Monday, August 31, 2015

Twitter Pitch Critiques!

By a show of hands, who here likes to have a backup plan?

Yeah. Me, too. Today's post is all about having a backup plan if you don't get into #PitchWars. 

On September 10th, Brenda Drake is hosting a Twitter Pitch Party called #PitMad. Because she is a goddess among us.

Agents will peruse the feed and favorite the pitches for manuscripts they want to see. Each agent's guidelines vary, so make sure you check his/her Twitter feed and/or website for submission guidelines. Check Brenda's website for more information on rules and etiquette here.

For those of you who are unfamiliar, this is a Twitter event in which you pitch your completed, revised manuscript in a 140-characters-or-less tweet. Easy, right? Ha.

It can be done.

Though I got into #PitchWars last year, and my agent participated in the agent round, she did not request pages from me during the contest. 

However, when I participated in #PitMad afterward, she did request! Something about my Twitter pitch illustrated the concept to her more efficiently than my #PitchWars entry did. 

So there you have it, folks. If you don't get into #PitchWars, it is not the end of the world. You can still get your manuscript in front of agents on the Twitter feed on September 10th.

What's in a Twitter pitch, you ask? 

Your main character, goal, conflict, and stakes

It's also helpful if the pitch conveys the voice and uniqueness of your manuscript. If you can get accurate comp titles in there, even better!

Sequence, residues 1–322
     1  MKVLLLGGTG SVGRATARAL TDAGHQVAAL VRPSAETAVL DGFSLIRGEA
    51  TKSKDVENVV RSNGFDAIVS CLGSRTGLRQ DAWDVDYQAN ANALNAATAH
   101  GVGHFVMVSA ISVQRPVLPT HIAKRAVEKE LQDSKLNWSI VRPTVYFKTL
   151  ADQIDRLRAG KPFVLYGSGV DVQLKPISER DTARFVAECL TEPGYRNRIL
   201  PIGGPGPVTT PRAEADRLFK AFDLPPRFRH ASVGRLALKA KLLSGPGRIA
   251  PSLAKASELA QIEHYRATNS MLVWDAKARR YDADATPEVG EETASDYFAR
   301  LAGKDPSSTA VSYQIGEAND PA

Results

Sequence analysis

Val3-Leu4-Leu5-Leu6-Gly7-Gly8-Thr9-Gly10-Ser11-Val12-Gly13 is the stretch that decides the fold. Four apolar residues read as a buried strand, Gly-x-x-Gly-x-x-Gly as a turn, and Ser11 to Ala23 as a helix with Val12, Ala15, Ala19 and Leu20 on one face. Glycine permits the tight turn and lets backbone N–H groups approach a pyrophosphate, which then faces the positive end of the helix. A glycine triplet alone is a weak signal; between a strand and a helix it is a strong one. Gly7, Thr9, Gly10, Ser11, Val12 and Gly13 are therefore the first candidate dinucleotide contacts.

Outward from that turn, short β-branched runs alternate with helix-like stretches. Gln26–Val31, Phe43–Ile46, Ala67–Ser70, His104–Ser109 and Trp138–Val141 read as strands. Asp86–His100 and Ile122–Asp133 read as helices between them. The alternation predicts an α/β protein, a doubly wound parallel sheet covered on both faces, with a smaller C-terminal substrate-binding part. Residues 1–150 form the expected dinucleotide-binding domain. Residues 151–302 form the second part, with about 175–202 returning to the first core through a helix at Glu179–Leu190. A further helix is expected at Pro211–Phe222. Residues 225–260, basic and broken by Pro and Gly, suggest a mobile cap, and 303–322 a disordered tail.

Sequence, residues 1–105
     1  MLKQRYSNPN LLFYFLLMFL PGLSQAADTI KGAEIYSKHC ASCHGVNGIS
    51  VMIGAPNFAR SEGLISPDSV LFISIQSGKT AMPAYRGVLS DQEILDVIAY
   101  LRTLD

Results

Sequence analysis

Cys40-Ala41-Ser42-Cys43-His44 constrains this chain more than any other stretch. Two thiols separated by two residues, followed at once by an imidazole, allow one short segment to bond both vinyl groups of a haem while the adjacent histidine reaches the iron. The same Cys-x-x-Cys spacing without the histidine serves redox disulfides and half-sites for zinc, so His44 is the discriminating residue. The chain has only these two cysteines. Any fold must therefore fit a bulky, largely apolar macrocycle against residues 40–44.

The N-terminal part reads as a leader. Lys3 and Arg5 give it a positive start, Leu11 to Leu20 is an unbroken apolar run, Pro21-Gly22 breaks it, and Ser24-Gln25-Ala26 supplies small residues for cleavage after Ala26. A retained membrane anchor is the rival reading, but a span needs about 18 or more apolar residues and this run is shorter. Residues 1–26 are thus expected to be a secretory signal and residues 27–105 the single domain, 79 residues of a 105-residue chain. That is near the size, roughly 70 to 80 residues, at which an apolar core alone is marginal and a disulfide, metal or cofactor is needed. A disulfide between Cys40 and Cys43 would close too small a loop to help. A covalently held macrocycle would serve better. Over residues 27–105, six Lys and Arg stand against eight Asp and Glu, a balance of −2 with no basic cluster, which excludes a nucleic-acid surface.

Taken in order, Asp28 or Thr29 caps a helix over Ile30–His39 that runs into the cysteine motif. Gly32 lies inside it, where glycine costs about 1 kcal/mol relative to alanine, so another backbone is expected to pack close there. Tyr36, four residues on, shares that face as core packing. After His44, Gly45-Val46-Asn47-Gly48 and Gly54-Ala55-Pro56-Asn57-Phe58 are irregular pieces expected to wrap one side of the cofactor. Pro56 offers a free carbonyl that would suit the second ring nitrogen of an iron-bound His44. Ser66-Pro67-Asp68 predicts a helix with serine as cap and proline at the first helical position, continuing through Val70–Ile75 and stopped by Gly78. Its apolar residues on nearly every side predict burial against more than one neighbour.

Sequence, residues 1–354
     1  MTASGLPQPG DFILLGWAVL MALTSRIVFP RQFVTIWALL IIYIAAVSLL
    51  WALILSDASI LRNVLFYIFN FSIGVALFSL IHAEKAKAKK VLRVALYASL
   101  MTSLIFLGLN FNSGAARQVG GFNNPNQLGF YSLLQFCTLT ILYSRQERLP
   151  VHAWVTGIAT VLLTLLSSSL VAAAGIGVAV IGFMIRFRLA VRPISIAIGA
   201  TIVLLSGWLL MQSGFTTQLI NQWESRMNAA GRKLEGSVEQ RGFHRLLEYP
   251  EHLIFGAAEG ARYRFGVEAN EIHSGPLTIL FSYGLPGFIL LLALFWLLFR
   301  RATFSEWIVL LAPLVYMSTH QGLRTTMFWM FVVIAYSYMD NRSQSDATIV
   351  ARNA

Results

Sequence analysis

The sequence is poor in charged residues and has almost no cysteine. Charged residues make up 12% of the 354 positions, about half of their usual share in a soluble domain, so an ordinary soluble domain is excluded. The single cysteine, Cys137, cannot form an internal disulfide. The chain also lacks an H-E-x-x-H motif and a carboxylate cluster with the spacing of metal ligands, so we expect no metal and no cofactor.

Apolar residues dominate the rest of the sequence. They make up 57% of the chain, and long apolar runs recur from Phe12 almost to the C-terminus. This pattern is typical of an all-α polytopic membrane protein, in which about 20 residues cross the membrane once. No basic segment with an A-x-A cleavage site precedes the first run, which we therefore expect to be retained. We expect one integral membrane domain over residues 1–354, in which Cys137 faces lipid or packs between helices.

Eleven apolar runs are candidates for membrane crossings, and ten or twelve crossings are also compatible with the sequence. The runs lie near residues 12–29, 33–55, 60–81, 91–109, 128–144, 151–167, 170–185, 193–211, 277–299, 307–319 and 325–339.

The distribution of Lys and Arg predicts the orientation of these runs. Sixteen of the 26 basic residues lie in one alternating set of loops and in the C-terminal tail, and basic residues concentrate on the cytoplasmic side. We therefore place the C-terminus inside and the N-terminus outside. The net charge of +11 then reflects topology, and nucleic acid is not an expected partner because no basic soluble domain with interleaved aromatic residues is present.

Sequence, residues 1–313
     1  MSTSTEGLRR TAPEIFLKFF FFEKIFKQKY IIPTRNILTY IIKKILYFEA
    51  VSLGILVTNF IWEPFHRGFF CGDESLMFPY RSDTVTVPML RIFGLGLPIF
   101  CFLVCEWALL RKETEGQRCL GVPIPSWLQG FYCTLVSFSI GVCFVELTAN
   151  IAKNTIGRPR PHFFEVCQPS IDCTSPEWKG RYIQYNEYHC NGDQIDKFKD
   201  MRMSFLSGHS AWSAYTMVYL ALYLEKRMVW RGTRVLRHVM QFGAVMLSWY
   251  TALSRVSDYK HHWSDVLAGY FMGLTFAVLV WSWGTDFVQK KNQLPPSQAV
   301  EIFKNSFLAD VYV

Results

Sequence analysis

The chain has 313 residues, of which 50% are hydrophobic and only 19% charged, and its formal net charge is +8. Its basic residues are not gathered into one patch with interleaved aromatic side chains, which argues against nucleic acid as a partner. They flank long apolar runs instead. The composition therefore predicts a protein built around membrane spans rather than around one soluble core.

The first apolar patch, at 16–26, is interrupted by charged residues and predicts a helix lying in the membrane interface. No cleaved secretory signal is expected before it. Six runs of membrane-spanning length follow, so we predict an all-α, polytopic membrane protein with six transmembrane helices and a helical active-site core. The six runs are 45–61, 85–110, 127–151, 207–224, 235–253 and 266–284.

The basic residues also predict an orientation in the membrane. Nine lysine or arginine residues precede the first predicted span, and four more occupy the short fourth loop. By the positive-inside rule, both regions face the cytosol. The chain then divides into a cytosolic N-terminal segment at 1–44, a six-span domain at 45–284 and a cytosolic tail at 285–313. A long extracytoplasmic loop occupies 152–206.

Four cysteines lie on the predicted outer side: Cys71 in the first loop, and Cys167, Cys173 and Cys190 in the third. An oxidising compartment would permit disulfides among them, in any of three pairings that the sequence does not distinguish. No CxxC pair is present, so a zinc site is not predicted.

It can be tricky to include all of this information, I know. You have to be creative and make agents read between the lines to get it all in there.

Here are the two Twitter pitches that got me a few stars, including the one from my agent.

PRACTICAL MAGIC + FRIDAY NIGHT LIGHTS Hidden racism rises in TX football when Dee gives her fullback BFF a love potion by mistake. #PitMad #YA


When 17yo Dee gives her BFF a love potion by mistake, bigotry tests friendship & football. PRACTICAL MAGIC+FRIDAY NIGHT LIGHTS #PitMad #YA

You know based on the comps that there's going to be some kind of ambiguous magic, a female family dynamic, and small-town Texas football. You also know there's a friendship that possibly turns into a romance. (Spoiler alert: it totally does.)

Riggins gifs are basically required for every blog post.
The pitch states the MC made a mistake, so even though her goal isn't expressly stated, you're pretty safe to assume she's going to try to fix that mistake. Meanwhile, small town bigotry is going to play a role in the conflict. And the stakes are that the football games and the friendship between these two characters will be threatened.

While mine is far from a perfect example, it played an important role in landing my agent. And I absolutely owe that to feedback from my brilliant CPs. In our writing group, we always prepared days in advance to get ready for pitch parties.

So in honor of the upcoming #PitchWars results, and #PitMad on the horizon, I'm going to open up the comments section for 48 hours (that's until Wednesday, 9/2 at 8pm CDT) for Twitter pitch critiques. Post your 140-character pitch in the comments section. Don't forget to include the hashtag #PitMad and your genre (i.e. #YA, #SFF, #R, etc.) in those 140 characters, and I will go through and crit them all by the end of this week. 

My CPs are going to drop by and help me critique if things get crazy, so look for these lovely ladies (all are either mentors and/or former mentees of Pitch Wars):

Kes, Janet, Sonia, Tracie, Summer, Carlee, Kristin